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Celestica Inc., a leader in design, manufacturing, hardware platform, and supply chain solutions for the world's most innovative companies, announced the release of its 2021 Sustainability Report.
The report demonstrates Celestica’s commitment to fostering a company-wide culture of sustainability focused on supporting people, the planet and the communities in which it operates.
“Every day at Celestica we hold ourselves accountable for building a sustainable future for the next generation,” said Robert Ellis, Senior Vice President, Sustainability, and Chief Legal Officer, Celestica. “In 2021, we implemented a wide spectrum of programs and initiatives with an emphasis on sound Environmental, Social and Governance (ESG) practices. Our success would not be possible without our employees who drive positive change every day, and embed sustainability into everything we do.”
Highlights from Celestica’s 2021 Sustainability Report include:
- Decreasing Scope 1 and 2 Greenhouse Gas (GHG) emissions by 63% from our 2018 baseline year.
- Achieving a waste diversion rate of 85.6%.
- Averting 72,000 metric tonnes of CO2e through renewable energy projects.
- Launching four Employee Resource Groups (ERGs) supporting diversity and inclusion.
- Launching global diversity and inclusion training with a completion rate of 100% for senior leadership and 96% for all employees covering topics of diversity benefits for all, microaggressions and managing biases.
- Volunteering over 19,000 working hours in local communities and over 155,000 hours since 2015.
- Logging over 2,200,000 training hours in 2021.
- Strengthening our governance position by expanding our ESG practices throughout the business.
- Enhancing our own reporting to include our first Communication on Progress for the United Nations Global Compact.
Barry Matties and Andy Shaughnessy, I-Connect007
IPC Mexico has been growing for the past few years, and it’s no wonder: Mexico has become a major hub in the world of PCB manufacturing, spurred in part by reshoring as companies pulled work back from China during the pandemic. As the country’s maquiladoras thrived, IPC began expanding the Mexican educational and training operations, and the group recently named Lorena Villanueva as director of IPC Mexico. Andy Shaughnessy and Barry Matties recently spoke with Lorena and IPC Vice President of Education David Hernandez about IPC Mexico’s growth, as well as the office’s plans to provide PCB manufacturers the training resources they need to succeed.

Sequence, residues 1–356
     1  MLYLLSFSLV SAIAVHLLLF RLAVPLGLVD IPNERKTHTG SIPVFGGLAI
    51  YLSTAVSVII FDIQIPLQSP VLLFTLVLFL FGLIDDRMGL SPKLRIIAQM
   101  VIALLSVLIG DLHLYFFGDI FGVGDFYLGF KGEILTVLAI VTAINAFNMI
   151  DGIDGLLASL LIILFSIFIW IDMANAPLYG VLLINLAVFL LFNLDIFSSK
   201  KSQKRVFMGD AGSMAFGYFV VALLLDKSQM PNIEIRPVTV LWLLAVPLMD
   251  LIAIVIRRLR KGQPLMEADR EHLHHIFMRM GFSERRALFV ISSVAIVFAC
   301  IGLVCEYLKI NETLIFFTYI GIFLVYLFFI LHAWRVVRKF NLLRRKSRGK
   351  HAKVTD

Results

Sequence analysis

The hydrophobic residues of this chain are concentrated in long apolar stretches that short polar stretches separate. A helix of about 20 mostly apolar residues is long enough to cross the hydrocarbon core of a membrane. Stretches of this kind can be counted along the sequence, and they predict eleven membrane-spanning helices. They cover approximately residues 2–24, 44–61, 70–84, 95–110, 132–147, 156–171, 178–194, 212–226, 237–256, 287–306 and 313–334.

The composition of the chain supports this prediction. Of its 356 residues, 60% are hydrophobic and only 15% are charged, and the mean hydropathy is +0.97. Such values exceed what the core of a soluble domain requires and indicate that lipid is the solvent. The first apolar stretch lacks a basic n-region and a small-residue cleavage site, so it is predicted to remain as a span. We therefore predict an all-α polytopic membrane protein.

Patty Goldman, I-Connect007
Tabbatha Greek serves as the Master IPC Trainer for Honeywell Aerospace, where she runs a private IPC Training Center. She has been involved with manufacturing training for more than 15 years. Through her experience, she recognized that the industry needed a better way to bridge the skill-gap in electronics manufacturing. After discussing the issue with IPC, they began work on an introductory course written specifically for operators. Tabbatha continued collaborating with IPC to address the challenges that trainees face when they are new to the industry. Once IPC had released the new online Electronics Assembly Operator course, her team was the first to become certified and provided valuable feedback for further improvements on the Workforce Development Training series.
Real Time with...IPC APEX EXPO
Pete Starkey discusses the latest updates to IPC certification programs and their online training with Vince Price of Blackfox Training Institute. If you didn't make it to IPC APEX EXPO, don't worry. We're bringing you coverage of the week's events, from ribbon cutting to teardown.